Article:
Diplomat Calls for Honesty, Goodwill and to Bridge ‘the Faith Deficit’ at
Friday, 13. June 2003

Former British Ambassador Archie Mackenzie and his wife Ruth spent three
days in Geneva 9th – 11th June 2003, speaking at two public
events.

An evening event at the International Red Cross Museum, just
opposite the main gates to the United Nations building drew workers from several NGOS and friends of Caux – Initiatives of Change. It was co-hosted by the newly created NGO Committee on Spirituality, Values and Global
Concerns.

The following day, the Mackenzies were guests of the Swiss Forum for International Affairs at a luncheon attended by more than 30 participants, including the Deputy Director of the World Trade Organization and the Finnish Ambassador. Both events led to lively times of discussion and public debate, followed by personal talks, and many of the participants bought copies of Mackenzie’s book ‘Faith in Diplomacy’.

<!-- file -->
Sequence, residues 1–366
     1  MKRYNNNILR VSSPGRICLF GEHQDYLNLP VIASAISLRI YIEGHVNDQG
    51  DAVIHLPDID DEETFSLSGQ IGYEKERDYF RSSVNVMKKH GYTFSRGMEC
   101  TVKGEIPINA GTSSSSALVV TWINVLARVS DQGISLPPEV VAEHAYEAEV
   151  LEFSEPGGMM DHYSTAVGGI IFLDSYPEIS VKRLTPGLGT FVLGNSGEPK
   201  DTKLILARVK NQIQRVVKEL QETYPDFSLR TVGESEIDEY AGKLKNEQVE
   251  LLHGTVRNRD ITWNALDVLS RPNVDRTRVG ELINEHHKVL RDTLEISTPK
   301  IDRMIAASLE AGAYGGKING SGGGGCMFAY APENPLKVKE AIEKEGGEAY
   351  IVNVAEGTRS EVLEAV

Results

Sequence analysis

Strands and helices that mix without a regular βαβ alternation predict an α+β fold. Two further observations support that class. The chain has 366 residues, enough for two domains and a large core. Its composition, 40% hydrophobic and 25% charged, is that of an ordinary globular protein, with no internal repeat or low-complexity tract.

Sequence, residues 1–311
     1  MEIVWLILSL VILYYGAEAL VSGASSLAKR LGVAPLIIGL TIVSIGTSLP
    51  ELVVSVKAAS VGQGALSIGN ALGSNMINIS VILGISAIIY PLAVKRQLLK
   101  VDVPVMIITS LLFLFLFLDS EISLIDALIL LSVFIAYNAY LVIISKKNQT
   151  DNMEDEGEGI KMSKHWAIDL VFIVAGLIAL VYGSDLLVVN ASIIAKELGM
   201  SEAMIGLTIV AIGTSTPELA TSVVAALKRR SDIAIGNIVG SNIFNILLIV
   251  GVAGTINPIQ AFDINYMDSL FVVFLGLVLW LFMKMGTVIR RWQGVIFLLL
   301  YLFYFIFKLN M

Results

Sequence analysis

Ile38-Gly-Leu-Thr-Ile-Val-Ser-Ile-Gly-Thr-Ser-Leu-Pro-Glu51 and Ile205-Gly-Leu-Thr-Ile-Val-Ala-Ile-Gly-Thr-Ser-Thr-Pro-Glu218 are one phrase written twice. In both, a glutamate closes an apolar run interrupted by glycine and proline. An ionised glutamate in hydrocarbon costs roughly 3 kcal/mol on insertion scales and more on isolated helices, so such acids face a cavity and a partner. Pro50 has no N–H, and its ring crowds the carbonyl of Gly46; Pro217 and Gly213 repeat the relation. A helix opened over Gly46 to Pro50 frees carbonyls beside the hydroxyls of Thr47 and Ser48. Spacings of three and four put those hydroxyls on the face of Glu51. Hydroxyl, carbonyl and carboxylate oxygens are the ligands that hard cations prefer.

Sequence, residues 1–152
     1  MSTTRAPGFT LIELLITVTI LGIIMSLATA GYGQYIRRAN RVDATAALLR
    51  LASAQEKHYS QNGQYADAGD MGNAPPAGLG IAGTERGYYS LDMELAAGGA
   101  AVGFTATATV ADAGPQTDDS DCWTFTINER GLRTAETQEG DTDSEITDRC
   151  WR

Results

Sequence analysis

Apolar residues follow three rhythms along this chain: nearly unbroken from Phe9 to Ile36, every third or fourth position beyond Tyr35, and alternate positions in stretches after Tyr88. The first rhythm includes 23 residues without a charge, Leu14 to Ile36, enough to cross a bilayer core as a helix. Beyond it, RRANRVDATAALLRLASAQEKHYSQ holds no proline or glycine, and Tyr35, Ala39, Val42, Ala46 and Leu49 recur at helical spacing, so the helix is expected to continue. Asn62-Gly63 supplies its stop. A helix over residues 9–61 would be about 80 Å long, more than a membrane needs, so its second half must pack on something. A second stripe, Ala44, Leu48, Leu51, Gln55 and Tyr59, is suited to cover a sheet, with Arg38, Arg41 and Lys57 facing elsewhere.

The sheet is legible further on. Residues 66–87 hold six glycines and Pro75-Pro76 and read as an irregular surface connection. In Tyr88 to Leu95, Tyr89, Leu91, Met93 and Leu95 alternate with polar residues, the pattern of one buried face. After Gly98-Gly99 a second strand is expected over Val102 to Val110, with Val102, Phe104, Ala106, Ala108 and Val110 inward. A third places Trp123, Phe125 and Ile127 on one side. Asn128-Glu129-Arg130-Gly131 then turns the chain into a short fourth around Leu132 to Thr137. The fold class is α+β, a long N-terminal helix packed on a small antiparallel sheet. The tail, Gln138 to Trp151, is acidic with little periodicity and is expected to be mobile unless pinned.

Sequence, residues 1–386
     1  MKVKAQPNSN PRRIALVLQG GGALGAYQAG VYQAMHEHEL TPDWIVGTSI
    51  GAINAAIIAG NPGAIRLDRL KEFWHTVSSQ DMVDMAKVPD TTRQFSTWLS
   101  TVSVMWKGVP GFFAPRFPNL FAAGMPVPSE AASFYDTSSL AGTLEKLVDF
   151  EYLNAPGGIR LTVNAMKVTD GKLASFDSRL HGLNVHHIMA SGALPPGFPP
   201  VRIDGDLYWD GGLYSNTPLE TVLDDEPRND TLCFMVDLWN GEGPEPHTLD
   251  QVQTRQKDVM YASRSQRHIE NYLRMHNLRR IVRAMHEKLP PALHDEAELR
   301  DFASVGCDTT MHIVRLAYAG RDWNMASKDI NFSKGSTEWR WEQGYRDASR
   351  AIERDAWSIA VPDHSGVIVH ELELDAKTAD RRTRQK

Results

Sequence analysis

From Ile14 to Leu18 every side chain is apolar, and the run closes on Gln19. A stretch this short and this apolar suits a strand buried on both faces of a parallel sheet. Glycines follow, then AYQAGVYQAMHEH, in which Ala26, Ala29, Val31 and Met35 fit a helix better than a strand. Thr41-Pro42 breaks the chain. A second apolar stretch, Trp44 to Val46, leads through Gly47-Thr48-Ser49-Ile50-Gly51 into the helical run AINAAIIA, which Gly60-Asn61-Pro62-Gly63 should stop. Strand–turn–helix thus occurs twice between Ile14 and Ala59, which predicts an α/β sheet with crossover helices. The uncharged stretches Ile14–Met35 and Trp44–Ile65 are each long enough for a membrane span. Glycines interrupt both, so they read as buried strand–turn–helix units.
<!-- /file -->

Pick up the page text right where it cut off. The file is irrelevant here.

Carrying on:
Mackenzie drew on his long experience of the United Nations, since its inception and founding at the Dumbarton Oaks and San Francisco conferences in 1944 and 1946. He contrasted the current atmosphere of doubt and confusion with the post-war ‘will to agree’, in a spirit of idealismbordering on euphoria. At both events, he noted that there were those today who thought that the UN had outlived its usefulness, while others wanted to
strengthen it and amend the charter. The latter was a worthy longer-term objective, he believed, but scarcely realistic in the short-term, given the complicated structures and rules.
He pleaded forcefully for a third approach, based on bridging what he called ‘the faith deficit’. Moral and spiritual elements were there in the Charter, but had never been given real weight, he said. He called for honesty, goodwill and humility to help deal with ‘the complications of human character’. He quoted one of his first bosses, who told him that even imperfect instruments could be made to work if you had the right spirit – and perfect structures could fail, without the needed human qualities.

Andrew Stallybrass

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